After a 74-hour period of explosive bursts of activity, Llaima quieted late in the day on April 6, 2009. The volcano’s activity subsequently consisted of weak gas and volcanic ash emissions, according to Chile’s Servicio Nacional de Geología y Minería.
The Advanced Land Imager (ALI) on NASA’s Earth Observing-1 satellite captured this image of the Llaima Volcano on April 8, 2009. In this false-color image (shortwave-, near-infrared, and red wavelengths of light), bright green indicates vegetation (even sparse vegetation), dark brown indicates bare ground or volcanic ash, blue indicates snow, and red indicates lava. Pale, thin clouds float overhead.
Red rivulets of cooling lava (still hot enough to emit shortwave-infrared light) reveal recent activity at this volcano, and they flow between isolated patches of blue snow cover. Lake many volcanoes, the summit of Llaima supports little vegetation, although plant life coats the volcano’s slopes. According to the Volcanism Blog, Llaima’s main crater was blocked by a pyroclastic cone—a buildup of volcanic rocks—and the volcano’s primary activity consisted of gaseous emissions as of April 8, 2009.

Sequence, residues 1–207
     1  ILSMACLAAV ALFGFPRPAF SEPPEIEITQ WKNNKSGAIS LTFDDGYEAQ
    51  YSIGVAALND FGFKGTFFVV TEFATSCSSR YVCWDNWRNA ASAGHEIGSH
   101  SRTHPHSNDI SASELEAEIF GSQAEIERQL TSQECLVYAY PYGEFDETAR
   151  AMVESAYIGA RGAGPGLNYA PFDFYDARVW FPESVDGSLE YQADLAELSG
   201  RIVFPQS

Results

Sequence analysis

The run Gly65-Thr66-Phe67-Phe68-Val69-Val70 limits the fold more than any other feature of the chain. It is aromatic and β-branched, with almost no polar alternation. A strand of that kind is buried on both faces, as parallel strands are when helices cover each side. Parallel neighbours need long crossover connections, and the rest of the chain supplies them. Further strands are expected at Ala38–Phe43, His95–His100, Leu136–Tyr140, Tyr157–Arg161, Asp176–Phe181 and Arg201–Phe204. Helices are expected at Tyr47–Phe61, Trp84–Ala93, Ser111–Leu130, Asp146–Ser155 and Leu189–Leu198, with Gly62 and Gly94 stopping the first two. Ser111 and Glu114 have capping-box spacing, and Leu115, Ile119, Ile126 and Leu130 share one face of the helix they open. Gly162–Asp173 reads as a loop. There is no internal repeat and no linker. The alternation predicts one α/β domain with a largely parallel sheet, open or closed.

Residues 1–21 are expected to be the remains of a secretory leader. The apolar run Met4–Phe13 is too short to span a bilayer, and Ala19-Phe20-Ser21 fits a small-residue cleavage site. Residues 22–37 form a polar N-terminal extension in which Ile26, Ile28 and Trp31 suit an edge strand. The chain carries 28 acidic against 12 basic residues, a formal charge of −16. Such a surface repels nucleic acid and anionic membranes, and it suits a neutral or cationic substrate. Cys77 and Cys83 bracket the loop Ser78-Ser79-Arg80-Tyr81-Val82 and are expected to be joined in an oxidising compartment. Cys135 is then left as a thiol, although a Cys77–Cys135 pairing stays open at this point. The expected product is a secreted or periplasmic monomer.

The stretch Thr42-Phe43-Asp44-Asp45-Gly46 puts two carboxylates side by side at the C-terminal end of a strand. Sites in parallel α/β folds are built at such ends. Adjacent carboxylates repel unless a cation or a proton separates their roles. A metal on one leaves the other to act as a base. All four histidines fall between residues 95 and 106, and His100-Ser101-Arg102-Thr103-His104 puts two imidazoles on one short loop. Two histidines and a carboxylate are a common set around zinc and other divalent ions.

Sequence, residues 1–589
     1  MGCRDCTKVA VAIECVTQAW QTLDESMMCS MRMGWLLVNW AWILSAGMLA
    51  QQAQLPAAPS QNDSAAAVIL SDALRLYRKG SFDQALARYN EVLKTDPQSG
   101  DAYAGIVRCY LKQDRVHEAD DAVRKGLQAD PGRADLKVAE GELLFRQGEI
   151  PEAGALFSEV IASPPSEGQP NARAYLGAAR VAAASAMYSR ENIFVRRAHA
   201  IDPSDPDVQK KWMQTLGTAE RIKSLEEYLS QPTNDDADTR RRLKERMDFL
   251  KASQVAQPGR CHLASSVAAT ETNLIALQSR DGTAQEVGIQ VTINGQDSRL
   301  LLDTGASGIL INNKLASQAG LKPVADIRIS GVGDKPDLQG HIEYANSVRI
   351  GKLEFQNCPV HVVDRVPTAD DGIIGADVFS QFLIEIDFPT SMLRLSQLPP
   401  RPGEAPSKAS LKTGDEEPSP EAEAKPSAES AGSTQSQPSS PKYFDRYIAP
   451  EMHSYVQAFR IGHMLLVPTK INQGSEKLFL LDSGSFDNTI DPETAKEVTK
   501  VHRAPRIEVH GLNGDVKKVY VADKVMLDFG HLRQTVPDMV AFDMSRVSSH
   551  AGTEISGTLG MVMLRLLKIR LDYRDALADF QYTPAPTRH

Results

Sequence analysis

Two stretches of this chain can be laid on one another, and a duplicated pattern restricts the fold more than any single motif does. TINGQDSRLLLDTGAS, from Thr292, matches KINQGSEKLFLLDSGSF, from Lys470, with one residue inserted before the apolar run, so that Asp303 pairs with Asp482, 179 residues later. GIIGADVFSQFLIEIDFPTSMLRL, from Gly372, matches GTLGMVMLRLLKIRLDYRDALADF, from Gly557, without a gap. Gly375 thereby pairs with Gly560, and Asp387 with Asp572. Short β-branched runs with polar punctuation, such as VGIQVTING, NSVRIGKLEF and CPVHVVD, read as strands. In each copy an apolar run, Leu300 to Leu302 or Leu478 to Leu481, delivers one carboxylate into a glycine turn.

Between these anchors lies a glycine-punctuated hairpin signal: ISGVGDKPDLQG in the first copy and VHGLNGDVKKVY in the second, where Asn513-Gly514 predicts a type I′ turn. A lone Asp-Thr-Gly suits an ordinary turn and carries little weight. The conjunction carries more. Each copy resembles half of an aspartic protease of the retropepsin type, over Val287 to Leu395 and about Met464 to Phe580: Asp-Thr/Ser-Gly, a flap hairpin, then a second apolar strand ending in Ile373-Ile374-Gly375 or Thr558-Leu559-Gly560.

Llaima is one of Chile’s largest and most active volcanoes. Two craters at Llaima have been active during historical times, one at the summit and another in the southeast. Since the seventeenth century, observers have recorded frequent eruptions from Llaima, mostly explosive eruptions with some lava flows.
- Global Volcanism Program. Llaima. Smithsonian Institution. Accessed April 9, 2009.
- The Volcanism Blog. (2009, April 8). Llaima update, 8 April 2009. Accessed April 9, 2009.